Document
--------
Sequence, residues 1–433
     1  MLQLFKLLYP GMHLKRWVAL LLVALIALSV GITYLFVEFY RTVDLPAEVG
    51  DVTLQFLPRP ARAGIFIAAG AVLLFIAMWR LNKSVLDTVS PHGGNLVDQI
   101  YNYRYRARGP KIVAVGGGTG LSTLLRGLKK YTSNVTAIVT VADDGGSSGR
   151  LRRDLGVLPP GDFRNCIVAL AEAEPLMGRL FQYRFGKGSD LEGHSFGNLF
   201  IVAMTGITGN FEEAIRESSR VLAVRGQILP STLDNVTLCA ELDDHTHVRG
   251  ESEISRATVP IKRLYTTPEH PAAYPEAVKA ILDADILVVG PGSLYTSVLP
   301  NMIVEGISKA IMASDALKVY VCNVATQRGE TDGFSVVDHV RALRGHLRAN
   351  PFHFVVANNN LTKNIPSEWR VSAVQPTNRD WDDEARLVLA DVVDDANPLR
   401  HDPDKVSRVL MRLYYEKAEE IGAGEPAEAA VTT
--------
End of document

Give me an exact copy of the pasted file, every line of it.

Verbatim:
Sequence, residues 1–433
     1  MLQLFKLLYP GMHLKRWVAL LLVALIALSV GITYLFVEFY RTVDLPAEVG
    51  DVTLQFLPRP ARAGIFIAAG AVLLFIAMWR LNKSVLDTVS PHGGNLVDQI
   101  YNYRYRARGP KIVAVGGGTG LSTLLRGLKK YTSNVTAIVT VADDGGSSGR
   151  LRRDLGVLPP GDFRNCIVAL AEAEPLMGRL FQYRFGKGSD LEGHSFGNLF
   201  IVAMTGITGN FEEAIRESSR VLAVRGQILP STLDNVTLCA ELDDHTHVRG
   251  ESEISRATVP IKRLYTTPEH PAAYPEAVKA ILDADILVVG PGSLYTSVLP
   301  NMIVEGISKA IMASDALKVY VCNVATQRGE TDGFSVVDHV RALRGHLRAN
   351  PFHFVVANNN LTKNIPSEWR VSAVQPTNRD WDDEARLVLA DVVDDANPLR
   401  HDPDKVSRVL MRLYYEKAEE IGAGEPAEAA VTT